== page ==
BROOKLYN — Her 20-game hitting streak was snapped and the Long Island University softball team split a doubleheader with Mount St. Mary’s at home Sunday afternoon.
But the smile couldn’t be wiped off Lauren Morizi’s face.
She’s been through too much to let a little on-field adversity affect her. After all, it’s been two long years since Morizi has been on the softball diamond after back-to-back surgeries and painful rehabilitation for a pair of torn anterior cruciate ligaments.
That Morizi is even playing is remarkable, and the fact that the shortstop is a having an All-American-caliber season for the Blackbirds is unprecedented, according to LIU coach Roy Kortmann.
“It’s unheard of,” he said. “There’s not many individuals who want to do that. She knew what she had to do the first time, to do it again for that long a time… That’s a special person.”
A native of San Diego, Morizi transferred to Long Island University after her freshman year at New Mexico State University. Before she played her first game with the Blackbirds, though, she tore the ACL in her knee on a routine drill during an indoor preseason workout.
Morizi worked furiously to get back on the field and said her rehabilitation was going extremely well.
And then, it happened again.
“I was doing really well, progressing really fast and getting better. I felt good,” Morizi said. “I was doing a test to return to softball, planted on it doing suicide sprints, and it just completely gave out. I knew right away it was torn.”
It was the day before she was scheduled to return to school, and suddenly Morizi’s career was at a crossroads.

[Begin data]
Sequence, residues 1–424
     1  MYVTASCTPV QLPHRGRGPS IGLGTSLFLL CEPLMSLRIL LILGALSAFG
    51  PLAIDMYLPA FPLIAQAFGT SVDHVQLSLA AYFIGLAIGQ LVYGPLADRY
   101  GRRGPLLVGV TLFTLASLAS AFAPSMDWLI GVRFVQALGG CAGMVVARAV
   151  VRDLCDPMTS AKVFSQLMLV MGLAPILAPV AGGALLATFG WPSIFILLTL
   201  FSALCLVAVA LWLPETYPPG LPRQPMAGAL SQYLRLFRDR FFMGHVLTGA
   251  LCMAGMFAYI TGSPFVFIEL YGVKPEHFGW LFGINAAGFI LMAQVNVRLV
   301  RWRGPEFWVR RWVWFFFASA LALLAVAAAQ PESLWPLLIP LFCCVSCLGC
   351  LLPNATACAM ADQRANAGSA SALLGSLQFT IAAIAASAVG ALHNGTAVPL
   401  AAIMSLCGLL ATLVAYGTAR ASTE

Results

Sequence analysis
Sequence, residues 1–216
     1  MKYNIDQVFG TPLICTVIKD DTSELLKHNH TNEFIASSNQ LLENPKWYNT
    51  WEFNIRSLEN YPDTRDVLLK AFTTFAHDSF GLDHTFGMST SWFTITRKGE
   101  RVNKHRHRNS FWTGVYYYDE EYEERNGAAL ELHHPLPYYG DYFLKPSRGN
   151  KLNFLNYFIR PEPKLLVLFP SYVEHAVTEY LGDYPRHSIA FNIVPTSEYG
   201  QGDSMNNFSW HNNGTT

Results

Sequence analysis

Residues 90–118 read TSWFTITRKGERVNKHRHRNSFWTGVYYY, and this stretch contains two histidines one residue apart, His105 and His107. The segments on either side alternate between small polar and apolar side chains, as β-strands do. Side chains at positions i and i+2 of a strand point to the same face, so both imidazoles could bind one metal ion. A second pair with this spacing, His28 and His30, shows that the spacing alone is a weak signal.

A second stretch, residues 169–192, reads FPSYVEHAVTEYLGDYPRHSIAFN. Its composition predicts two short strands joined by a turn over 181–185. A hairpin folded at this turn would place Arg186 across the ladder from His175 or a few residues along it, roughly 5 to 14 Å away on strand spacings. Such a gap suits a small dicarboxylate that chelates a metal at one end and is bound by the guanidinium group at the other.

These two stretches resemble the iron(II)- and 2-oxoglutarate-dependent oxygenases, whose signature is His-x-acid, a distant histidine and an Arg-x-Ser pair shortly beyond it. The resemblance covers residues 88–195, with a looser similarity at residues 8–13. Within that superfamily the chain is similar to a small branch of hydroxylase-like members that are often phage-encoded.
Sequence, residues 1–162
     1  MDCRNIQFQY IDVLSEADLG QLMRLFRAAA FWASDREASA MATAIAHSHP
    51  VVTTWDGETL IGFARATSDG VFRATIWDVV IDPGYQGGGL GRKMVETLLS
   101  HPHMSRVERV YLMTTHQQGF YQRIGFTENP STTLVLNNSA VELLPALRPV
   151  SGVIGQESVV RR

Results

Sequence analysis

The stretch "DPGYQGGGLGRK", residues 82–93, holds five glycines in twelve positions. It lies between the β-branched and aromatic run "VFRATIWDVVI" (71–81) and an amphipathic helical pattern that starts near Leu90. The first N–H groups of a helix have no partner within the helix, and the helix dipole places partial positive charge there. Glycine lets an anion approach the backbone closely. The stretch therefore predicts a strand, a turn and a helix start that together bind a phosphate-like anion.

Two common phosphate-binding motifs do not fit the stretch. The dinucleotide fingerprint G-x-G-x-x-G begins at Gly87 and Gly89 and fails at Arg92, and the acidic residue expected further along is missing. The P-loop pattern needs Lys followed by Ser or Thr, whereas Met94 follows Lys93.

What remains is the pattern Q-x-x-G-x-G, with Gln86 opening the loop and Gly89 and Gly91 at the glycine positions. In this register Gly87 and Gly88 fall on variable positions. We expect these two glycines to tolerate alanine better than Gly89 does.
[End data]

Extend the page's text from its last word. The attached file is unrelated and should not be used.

“I’ve always been a softball player,” she said. “I didn’t know what I was without it.”
In a meeting in his office, Kortmann asked if Morizi wanted to put herself through several more months of painful rehabilitation after yet another surgery.
Morizi didn’t waver.
“I just love the game so much. I couldn’t walk away from it,” she said. “There was no doubt in my mind. I took it as another challenge I had to overcome. I didn’t see it as anything that was going to stop me from playing the game again.”
On Feb. 8, for the first time since 2010, Morizi stepped on the field for a competitive game at the Dot Richardson National Collegiate Invitational. She went 2-for-3 with an RBI in a loss to Fordham.
Finally, Morizi said, she was able to say goodbye to the ball bucket she sat on for two years.
“I watched so many games through those two years,” she explained. “I knew I could make an impact on the team and I just really wanted to be out there and help the team. That was my driving force.”
In Clermont, Fla., for that game was Lauren’s father, John, who played football at Fordham University.
John was behind the plate for every one of his youngest daughter’s at-bats during the Florida trip and the subsequent games in Palm Springs, Calif. He was also there this weekend as LIU split a pair of doubleheaders against Monmouth and Mount St. Mary’s.
“This year I was determined I was going to make a lot of games,” John said. “I wanted to be there for the first games when she got back to give her support.”
Finally healthy, Morizi, who also tore the labrum in her non-throwing shoulder during her sophomore year of high school, is making up for lost time. She has started all 52 of LIU’s games this year and leads the team with a .407 batting average. Morizi, whose older sister Karen played softball at Drexel University, also has a team-high 66 hits, 12 doubles and 28 RBI.
She’s helped the Blackbirds to a 13-7 record in the Northeast Conference, including 9-3 over their last 12 league contests.
“I think I’m just seeing the ball well and not trying to do too much,” Morizi said. “I guess I’m finding the right holes. Lately, I’ve just been locked in at the plate. Even when I get two strikes I don’t feel like anything will blow by me. I feel pretty confident.”
Morizi will graduate this spring with a 3.93 GPA, but will have two more years of eligibility. The 21-year-old said she plans on spending those years getting her doctorate in physical therapy.
After all, she has plenty of experience in the field.
“It led me right to my profession,” Morizi said.